Trust liquidation set aside

HARARE - Zimbabwe's High Court has set aside a liquidation order imposed by the Reserve Bank of Zimbabwe (RBZ) against Trust Bank (Trust).

The central bank had approached the Court seeking to liquidate Trust arguing the bank was undercapitalised with a core capital of $1,9 million against the required minimum threshold of $75 million by December 2013.

RBZ’s move was despite the fact that Trust was in tentative discussions with a South African investor, Mining Oil and Gas Service (MOGS), which was willing to inject $20 million into the institution.

High Court judge Joseph Mafusire dismissed the central bank’s liquidation application yesterday.

Trust’s lawyer, Thabani Mpofu, has since filed summons against the RBZ, seeking an order to declare the liquidation as “unlawful and unconstitutional”.

“The intention to harass plaintiff is malicious, unreasonable, unlawful and wholly unconstitutional and must be declared to be so in that,” read part of the application.

The bank had earlier on told the court that depositors were unlikely to support outright closure of the institution hence it must be given a chance to engage investors for fresh capital injection.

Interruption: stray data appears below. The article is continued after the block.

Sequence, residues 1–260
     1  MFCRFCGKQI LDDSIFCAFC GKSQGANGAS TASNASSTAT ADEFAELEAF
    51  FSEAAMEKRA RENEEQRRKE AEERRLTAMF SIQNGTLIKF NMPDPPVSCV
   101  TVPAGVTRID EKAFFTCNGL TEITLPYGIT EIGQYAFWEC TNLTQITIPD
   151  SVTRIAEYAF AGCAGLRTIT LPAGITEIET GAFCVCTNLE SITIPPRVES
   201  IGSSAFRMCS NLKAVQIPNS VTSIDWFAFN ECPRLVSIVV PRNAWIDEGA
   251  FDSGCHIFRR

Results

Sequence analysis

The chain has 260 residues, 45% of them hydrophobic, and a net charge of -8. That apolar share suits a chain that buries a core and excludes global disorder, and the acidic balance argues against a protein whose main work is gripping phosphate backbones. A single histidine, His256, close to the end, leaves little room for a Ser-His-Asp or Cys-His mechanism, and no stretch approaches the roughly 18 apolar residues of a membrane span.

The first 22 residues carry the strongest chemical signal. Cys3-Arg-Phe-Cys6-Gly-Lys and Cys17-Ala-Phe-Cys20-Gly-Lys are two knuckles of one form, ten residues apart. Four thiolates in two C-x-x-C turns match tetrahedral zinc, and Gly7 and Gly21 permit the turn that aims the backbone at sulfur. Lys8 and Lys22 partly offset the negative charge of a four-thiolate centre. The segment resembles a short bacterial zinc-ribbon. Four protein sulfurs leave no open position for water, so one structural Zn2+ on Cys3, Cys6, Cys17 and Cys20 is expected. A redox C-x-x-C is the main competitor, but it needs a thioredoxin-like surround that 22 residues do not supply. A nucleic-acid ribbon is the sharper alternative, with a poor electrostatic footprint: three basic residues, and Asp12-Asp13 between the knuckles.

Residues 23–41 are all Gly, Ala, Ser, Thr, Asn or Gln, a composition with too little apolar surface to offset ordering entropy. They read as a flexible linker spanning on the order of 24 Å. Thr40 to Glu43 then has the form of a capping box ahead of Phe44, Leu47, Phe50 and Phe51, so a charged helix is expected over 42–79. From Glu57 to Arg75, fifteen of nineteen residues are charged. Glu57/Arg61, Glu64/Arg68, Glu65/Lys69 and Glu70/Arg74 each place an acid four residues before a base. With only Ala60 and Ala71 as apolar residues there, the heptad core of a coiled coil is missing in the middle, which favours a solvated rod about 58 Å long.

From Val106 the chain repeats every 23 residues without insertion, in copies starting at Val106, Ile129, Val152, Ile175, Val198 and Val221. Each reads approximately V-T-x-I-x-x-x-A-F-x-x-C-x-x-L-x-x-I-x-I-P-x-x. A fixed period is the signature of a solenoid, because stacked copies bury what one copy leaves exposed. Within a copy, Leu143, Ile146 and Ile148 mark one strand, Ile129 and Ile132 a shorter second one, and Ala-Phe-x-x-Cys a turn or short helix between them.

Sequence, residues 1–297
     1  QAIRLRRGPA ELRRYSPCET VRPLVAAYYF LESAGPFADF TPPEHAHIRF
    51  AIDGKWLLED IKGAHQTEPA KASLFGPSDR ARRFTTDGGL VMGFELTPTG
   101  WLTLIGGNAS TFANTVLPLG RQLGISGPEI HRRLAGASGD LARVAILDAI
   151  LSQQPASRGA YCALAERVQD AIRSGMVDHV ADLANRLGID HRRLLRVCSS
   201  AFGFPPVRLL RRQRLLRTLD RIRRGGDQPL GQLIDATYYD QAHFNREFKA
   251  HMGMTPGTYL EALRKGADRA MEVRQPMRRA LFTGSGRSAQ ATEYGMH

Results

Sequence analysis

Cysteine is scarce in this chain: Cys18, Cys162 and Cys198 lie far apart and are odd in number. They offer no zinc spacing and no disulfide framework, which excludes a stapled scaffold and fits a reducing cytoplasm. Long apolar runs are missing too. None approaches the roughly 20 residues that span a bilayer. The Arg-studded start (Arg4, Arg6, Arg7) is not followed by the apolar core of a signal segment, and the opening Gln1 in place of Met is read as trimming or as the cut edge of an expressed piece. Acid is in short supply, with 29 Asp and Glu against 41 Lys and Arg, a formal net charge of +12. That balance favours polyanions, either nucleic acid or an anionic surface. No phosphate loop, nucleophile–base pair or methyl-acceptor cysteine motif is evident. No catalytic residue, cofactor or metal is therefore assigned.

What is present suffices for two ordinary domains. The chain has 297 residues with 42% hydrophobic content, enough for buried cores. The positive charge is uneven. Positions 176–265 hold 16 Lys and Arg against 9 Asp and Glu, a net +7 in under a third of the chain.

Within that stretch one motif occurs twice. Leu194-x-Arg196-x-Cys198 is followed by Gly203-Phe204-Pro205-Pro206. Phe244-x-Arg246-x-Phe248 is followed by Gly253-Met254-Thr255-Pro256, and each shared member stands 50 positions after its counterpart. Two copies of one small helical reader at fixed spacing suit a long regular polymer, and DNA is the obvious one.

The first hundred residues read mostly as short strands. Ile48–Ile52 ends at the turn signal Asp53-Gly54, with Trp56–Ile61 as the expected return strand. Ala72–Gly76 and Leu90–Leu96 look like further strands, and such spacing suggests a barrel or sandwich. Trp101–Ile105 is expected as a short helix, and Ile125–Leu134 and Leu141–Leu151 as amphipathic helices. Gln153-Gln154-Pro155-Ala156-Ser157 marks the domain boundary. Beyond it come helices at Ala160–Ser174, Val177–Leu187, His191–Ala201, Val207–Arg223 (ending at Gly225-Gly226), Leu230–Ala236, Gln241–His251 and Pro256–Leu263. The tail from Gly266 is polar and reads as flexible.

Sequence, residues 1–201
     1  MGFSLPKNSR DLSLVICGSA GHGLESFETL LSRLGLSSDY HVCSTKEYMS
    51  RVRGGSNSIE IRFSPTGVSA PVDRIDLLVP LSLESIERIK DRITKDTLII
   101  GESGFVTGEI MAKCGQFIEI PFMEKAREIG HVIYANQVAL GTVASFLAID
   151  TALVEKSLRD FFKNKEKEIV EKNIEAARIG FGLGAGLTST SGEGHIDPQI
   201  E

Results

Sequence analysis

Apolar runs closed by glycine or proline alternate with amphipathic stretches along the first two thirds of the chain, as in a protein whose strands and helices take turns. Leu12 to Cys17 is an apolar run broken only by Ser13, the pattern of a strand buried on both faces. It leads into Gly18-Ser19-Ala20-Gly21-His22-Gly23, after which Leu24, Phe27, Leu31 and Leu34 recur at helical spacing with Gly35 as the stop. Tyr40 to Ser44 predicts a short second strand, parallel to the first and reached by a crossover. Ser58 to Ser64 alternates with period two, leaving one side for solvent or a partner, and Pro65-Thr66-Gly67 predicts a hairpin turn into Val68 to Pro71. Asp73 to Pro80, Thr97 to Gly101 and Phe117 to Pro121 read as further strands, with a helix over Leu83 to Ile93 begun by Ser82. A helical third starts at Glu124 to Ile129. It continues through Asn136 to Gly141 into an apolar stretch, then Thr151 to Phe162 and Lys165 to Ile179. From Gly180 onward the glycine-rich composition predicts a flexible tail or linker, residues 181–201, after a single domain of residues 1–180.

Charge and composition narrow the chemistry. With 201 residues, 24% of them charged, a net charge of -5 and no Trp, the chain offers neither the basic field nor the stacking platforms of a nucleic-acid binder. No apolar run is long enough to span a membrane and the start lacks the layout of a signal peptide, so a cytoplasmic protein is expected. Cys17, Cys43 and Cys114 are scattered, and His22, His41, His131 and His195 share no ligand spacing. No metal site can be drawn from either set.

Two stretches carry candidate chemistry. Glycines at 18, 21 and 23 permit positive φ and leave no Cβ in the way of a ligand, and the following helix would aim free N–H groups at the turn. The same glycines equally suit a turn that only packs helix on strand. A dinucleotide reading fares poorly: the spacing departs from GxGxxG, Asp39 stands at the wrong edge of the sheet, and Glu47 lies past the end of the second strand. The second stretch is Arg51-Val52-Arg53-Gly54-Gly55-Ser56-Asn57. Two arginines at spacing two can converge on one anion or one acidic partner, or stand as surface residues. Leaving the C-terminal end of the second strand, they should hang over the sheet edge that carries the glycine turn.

It claims the central bank is hampering its recapitalisation initiatives.

“The intention by defendant to liquidate plaintiff in the current economic conditions and when it is a lot more financially stable than rival banking institutions which defendant has not liquidated smacks of bad faith, is malicious, takes away plaintiff’s rights to fundamental justice and is grossly unreasonable as an administrative act,” Trust argues.

The bank further seeks an order mandating the RBZ to facilitate its recapitalisation drive that it has embarked on.

Before revocation of the bank’s licence, MOGS, a subsidiary of the cash-rich Royal Bafokeng Holdings — was seeking government approval to construct a fuel pipeline linking Beira and three southern African countries through Zimbabwe as part of the deal to invest in Trust.

The transaction talks, however, hung in the balance after the central bank cancelled Trust’s licence arguing the institution was financially unsound while it also failed to operate in line with set administrative and accounting practices.

Last December, High Court judge Loice Matanda-Moyo placed Trust under provisional liquidation. She ordered it to provisionally wind up, paving way for liquidation.

Prior to cancellation of the bank’s licence, its parent company, Trust Holdings Limited, voluntarily delisted from the Zimbabwe Stock Exchange after failing to meet the bourse’s obligations.

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